Kelsey Coons - Medicine in Nepal
Being my first time leaving the United States, I took a lot of time to research different programmes that offered volunteering abroad. After emailing back and forth with a couple different groups, I finally decided to go with Projects Abroad to Nepal.
From the very beginning Projects Abroad was so helpful and always got back to my emails no more than a day later. Since I am a pre-med student, I chose that programme and worked at the Chitwan Medical Centre. From the moment I got off the plane in Nepal, I felt the support of Projects Abroad. They picked me up from the airport, took me to the hotel, went over the project I would be working on and then showed me around Thamel.
The next day I took a five-hour journey to Bharatpur to meet my host family. This is also where I met the Projects Abroad team that would help me during the rest of my stay in Nepal. They had both an international contact and Nepali contact so you would have two different people that you could talk to about any issues.
My Medicine Placement
My first day working at the hospital I was given a tour, by Binod, my Nepali contact, of all the different areas, such as gynaecology, ophthalmology, the operating theatre, orthopaedics, paediatrics and the emergency room. Binod then asked me where I wanted to start. I was so excited that I could choose anywhere I wanted to work and observe.
I started in the emergency room and instantly saw the differences between the healthcare systems in the US and Nepal. One of my biggest worries before this trip was the fear of not making any friends while working, however whilst in the ER I met three other volunteers from Germany, England and Australia that I still keep in touch with.
I was surprised at the flexibly and freedom the hospital gave me because each day I was allowed to pick anywhere I wanted to work. I explored the emergency room, dermatology and psychiatry departments before I decided to work in the operating theatre for the rest of my month in Nepal.
Because I am only a pre-med student I mainly observed, but was given the chance to take vitals and open containers for nurses and doctors that were sterile in OT. Throughout working in OT I learned many different instruments and what they were used for and was able to observe numerous surgeries including a craniotomy, open reduction internal fixation, closed reductions, neck of femur fractures, hemi-arthroplasty, caesarean sections, total abdominal hysterectomy, laparoscopic cholecystectomy and many more! I learned and saw so much more than I ever thought I would!
My typical shift at the hospital was 9-3, but sometimes I would cut out early with other volunteers to go to the market or to get food. I still crave paneer chilli from our favourite restaurant next to the hospital.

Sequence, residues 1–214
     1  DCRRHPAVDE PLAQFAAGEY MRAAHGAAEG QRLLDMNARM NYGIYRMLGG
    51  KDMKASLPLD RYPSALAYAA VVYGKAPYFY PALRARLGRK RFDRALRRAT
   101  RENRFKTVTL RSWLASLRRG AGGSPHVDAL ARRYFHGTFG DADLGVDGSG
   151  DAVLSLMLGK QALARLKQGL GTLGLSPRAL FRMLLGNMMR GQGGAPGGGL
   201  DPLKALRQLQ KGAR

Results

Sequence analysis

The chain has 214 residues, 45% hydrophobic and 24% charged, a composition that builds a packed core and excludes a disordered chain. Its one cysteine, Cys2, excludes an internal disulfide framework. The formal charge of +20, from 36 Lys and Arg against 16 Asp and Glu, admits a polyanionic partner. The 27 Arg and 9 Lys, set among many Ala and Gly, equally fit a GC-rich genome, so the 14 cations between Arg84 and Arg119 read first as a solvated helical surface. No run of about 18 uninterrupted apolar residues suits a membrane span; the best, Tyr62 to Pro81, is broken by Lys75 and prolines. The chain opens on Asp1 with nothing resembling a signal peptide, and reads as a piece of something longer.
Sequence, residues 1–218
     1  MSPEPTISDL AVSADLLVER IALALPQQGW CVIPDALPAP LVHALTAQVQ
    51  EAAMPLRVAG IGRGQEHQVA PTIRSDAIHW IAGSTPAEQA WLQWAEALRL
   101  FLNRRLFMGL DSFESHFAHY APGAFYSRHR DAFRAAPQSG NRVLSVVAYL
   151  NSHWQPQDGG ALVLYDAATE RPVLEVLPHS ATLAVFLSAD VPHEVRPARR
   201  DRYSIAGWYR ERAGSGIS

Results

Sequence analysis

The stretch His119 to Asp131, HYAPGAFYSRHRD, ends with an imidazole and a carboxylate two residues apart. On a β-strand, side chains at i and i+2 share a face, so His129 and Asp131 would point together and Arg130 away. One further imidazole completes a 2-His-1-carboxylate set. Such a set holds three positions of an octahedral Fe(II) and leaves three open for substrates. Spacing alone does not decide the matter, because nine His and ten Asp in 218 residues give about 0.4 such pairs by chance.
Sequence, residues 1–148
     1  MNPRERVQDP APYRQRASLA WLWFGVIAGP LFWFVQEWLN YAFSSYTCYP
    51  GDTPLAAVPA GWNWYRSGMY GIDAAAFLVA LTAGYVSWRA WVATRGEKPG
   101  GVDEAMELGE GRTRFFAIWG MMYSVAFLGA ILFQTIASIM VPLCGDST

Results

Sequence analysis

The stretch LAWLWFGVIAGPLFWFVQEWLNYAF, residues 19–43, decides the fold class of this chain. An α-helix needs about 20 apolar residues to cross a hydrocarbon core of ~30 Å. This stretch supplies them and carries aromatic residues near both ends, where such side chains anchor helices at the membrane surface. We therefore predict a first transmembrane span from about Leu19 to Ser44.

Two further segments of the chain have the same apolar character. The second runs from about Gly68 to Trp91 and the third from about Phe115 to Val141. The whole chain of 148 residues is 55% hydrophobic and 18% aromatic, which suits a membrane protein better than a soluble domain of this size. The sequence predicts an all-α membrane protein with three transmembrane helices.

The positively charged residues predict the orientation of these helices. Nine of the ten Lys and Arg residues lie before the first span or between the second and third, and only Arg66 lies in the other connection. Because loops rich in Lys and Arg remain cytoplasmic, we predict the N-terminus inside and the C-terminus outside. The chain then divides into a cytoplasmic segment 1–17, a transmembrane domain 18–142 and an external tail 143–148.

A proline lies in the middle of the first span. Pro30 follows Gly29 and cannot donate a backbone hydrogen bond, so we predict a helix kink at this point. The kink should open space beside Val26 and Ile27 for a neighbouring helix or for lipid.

On the weekends we explored other parts of Nepal. One of the Projects Abroad employees was so helpful when it came to these trips. He planned every aspect and just told us how much it would be. He even arranged all the taxi and bus rides to the different cities. My first weekend adventure was the white water rafting and the Chitwan National Park. Rafting was amazing, except the water was freezing! The national park was also a lot of fun but I would advise not to go on a hot day!
For the next weekend/week five of us volunteers went trekking in the Himalayas and what an experience it was! We spent the weekend in Pokhara buying gear and left for the trudge on Monday morning. I wasn’t planning on trekking when I first came to Nepal, but the other volunteers talked me into going, and I had no idea what I was in for! To get to the Annapurna Base Camp, it was seven days of walking up and down steps for an average of eight hours a day.
It was total torture walking up, but when you looked around at the views it was incredible. It was and still is by far my greatest physical accomplishment and was definitely worth the pain!
My Final Week
When I got back to Bharatpur I only had one week left at the hospital and during this time I was given the opportunity to travel to a rural health camp. I was leaving on Monday so for the last weekend I stayed in Kathmandu.
I tried to visit as many landmarks as I could during my last three days and went to Pashupatinath Temple, Bodnath, Swayambhunath, Durbar Square and did some more shopping in Thamel.
When it was time for me to go to the airport, Projects Abroad, once again, arranged a taxi for me. I was so impressed with this programme and all the in-country support they provided. I was really scared to travel alone for my first time to a third world country, but Projects Abroad and all their staff made me feel so comfortable. Through them I not only learned so much at the hospital, but was able to be adventurous and explore all of Nepal. I would definitely recommend Projects Abroad to anyone wanting to volunteer, especially those that are nervous about their first trip.
Read more about Medicine in Nepal.